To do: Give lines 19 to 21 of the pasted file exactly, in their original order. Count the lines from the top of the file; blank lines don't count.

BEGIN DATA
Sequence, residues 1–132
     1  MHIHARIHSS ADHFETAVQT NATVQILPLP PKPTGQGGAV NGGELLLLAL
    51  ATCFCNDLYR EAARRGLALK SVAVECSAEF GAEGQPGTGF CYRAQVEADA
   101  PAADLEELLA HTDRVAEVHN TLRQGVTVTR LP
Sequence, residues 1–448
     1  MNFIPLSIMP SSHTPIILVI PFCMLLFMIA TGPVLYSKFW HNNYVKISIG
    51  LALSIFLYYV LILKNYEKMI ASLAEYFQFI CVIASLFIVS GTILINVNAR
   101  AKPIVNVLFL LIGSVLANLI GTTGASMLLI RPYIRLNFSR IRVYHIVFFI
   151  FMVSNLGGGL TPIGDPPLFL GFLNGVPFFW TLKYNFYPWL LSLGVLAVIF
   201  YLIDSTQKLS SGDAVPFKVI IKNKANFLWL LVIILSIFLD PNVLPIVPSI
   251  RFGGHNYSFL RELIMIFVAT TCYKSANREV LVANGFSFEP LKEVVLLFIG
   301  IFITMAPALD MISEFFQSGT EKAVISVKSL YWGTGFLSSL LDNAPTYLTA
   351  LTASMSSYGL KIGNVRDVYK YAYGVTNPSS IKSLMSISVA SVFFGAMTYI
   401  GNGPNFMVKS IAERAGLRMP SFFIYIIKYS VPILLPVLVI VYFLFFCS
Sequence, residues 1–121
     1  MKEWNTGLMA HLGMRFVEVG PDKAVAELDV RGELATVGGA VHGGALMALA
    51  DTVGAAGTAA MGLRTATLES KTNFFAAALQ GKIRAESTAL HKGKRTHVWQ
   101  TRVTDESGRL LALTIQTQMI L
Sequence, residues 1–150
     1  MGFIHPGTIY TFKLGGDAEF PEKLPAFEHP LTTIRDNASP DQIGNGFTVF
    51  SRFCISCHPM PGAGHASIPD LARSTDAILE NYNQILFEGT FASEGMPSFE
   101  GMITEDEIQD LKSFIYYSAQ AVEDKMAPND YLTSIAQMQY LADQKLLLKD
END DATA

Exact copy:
Sequence, residues 1–150
     1  MGFIHPGTIY TFKLGGDAEF PEKLPAFEHP LTTIRDNASP DQIGNGFTVF
    51  SRFCISCHPM PGAGHASIPD LARSTDAILE NYNQILFEGT FASEGMPSFE